Last Sunday, I woke up to the thick scrape and grind of metal on ice. The lake behind my house is frozen. It must be really cold out. They’re ice skating! These thoughts tumbled over each other in a rush of childish joy – the kind that makes you bound out of bed, and land at the window without touching the ground. Hapless shrieks of distress, tangled with the ecstatic barking of a terrier too small for such a racket. The timeless beauty of crystalline white, so sharp as to be blinding, filled me with the awe of how sweet cruel winter can be.
I watched the skaters, transfixed. Unsummoned, winter moments long-past beamed across my mind, overtaking the figure 8s below. There was nothing unique about those days. Yet, on this ever-lengthening right side of 50, with a nod to Wilder, the mundaneness makes it all the more special.
I inhale the cold smell of winter radiating off dad’s gray jacket. I see clearly his sparkling green eyes; red cheeks. And I distinctly hear his voice grow muffled as he rummages, down in the utility room, through an admirable collection of skates.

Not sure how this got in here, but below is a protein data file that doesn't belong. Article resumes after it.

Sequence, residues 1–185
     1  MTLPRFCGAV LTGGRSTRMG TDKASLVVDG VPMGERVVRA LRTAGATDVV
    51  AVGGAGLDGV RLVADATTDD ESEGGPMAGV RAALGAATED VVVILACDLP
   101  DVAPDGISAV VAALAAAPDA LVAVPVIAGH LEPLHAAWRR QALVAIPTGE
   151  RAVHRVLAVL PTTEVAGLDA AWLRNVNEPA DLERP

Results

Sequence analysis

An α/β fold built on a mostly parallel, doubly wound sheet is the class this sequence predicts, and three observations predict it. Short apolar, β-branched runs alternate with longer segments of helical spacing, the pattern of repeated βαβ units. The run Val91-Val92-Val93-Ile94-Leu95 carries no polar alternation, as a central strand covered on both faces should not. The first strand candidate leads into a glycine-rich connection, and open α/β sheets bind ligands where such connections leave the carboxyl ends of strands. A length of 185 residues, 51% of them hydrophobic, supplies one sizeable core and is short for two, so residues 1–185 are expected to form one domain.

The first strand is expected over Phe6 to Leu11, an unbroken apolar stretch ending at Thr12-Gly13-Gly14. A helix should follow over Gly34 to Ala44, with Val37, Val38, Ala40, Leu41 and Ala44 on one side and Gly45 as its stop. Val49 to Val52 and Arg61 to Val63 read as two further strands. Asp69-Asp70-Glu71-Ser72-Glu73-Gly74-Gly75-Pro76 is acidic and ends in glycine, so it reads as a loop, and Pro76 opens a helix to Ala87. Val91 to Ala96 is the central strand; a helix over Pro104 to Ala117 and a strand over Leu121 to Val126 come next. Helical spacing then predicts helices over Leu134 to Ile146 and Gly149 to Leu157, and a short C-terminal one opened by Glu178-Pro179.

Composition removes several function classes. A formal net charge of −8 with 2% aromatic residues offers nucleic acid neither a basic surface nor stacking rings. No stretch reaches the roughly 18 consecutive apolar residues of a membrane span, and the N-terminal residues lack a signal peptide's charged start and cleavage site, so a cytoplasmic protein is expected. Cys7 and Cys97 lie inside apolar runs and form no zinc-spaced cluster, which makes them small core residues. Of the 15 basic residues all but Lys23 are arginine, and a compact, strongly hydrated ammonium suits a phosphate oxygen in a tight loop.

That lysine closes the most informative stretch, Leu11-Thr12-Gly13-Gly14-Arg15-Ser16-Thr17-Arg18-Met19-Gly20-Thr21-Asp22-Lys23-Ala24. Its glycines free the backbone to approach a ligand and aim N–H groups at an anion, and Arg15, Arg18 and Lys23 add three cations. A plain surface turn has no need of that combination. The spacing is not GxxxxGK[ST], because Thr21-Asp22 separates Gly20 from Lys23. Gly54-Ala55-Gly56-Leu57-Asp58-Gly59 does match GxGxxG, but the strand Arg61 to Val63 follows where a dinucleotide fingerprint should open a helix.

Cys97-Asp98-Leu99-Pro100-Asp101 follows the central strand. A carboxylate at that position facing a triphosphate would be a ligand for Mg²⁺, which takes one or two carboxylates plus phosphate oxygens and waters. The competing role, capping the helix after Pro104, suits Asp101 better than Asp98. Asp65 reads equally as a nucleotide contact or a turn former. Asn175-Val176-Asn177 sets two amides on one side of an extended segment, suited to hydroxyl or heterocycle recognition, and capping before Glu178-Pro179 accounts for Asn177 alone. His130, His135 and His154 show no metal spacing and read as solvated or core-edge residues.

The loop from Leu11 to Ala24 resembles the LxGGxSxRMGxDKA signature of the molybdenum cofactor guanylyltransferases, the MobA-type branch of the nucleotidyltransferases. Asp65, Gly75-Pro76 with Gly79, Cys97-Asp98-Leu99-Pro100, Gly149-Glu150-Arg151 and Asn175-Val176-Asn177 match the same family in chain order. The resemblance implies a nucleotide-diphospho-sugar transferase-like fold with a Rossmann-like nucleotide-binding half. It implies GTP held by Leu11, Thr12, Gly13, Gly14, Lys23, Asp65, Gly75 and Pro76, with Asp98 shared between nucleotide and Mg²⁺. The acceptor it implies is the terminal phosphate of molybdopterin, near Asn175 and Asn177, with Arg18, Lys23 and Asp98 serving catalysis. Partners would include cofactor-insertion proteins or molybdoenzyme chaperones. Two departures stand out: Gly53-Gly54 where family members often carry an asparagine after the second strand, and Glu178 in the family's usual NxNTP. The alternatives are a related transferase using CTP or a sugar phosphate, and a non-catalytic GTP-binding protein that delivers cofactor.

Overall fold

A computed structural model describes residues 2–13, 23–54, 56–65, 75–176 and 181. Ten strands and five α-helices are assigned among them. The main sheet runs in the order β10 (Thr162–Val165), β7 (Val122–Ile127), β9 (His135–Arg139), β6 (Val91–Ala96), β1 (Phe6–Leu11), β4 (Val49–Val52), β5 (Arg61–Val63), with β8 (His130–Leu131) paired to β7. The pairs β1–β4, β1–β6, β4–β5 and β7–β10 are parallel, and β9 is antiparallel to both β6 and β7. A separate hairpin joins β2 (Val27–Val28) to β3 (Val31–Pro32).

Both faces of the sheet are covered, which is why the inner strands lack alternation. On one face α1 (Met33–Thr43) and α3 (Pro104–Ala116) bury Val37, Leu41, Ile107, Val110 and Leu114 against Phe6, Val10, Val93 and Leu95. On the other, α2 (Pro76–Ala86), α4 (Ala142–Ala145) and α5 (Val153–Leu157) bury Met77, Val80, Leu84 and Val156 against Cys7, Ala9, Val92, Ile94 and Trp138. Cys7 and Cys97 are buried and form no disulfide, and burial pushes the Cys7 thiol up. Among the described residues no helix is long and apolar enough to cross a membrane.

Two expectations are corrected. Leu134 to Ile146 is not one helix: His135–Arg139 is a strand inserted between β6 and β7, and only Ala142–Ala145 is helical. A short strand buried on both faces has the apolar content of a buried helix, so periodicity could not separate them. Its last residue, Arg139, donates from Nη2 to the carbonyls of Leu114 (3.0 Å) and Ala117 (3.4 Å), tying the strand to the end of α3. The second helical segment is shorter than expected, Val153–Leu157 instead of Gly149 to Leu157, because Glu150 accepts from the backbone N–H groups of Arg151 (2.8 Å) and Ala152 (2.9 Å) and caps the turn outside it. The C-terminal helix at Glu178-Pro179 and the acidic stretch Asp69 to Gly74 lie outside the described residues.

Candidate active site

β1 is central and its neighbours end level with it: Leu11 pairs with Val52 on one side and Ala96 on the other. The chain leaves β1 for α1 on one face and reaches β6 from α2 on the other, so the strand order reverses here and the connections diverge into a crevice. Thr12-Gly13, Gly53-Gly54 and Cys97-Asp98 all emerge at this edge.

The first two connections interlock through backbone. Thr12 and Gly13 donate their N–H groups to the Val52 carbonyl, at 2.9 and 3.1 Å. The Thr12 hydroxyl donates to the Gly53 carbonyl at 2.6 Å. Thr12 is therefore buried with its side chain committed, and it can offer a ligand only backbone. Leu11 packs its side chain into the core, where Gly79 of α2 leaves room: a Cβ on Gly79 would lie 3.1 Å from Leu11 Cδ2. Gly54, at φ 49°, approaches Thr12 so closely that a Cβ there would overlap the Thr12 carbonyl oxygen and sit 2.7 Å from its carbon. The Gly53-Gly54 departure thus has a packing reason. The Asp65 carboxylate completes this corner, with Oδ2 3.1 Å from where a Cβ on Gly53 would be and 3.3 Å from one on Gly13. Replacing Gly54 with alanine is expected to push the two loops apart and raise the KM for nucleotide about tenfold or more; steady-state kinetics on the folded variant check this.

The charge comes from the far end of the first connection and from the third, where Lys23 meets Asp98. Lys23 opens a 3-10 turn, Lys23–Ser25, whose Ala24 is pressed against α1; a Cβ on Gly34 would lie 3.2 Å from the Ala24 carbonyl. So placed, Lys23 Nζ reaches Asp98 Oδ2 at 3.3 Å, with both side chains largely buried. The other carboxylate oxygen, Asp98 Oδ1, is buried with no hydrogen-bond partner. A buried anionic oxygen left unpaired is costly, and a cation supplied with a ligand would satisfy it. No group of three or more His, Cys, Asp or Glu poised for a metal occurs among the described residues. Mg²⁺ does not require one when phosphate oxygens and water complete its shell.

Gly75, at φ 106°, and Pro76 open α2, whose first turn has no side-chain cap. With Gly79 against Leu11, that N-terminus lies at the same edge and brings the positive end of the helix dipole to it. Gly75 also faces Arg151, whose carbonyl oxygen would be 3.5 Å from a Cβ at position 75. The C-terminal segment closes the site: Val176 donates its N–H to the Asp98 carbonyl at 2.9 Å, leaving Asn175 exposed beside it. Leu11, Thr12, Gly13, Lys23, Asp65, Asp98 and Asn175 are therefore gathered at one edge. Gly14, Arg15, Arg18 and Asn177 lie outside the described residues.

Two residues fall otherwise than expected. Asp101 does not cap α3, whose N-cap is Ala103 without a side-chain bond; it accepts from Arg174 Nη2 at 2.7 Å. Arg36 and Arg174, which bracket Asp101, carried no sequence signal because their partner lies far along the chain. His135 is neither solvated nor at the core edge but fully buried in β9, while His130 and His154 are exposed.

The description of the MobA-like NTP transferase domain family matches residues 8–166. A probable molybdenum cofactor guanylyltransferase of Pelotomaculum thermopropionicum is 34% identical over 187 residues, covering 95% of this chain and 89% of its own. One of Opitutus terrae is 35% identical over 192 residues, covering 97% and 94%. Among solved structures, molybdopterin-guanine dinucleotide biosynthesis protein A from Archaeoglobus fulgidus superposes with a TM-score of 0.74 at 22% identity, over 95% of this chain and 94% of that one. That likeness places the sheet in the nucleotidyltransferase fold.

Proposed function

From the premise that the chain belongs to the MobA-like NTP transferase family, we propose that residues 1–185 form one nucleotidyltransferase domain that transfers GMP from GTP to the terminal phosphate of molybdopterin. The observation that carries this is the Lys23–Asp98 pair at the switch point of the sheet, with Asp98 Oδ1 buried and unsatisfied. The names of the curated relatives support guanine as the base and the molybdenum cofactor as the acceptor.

Bundled up like sausage, out into the numbing cold, Mom’s homemade hot chocolate in hand, dad forces our laces into ankle supports, skates backwards so that we can skate forward, exhales life back into frozen fingers, smiles so broadly that all of life exists just to glide free, effortlessly, unfettered by pits in the road, without gravity or impediments to slow you down.
Having cursed plenty of icy days, and secretly rejoicing the year my own kids outgrew leaping out of bed to go ice skating, I can now enjoy from inside the comfort of my bedroom, the wonders of those glorious winter days.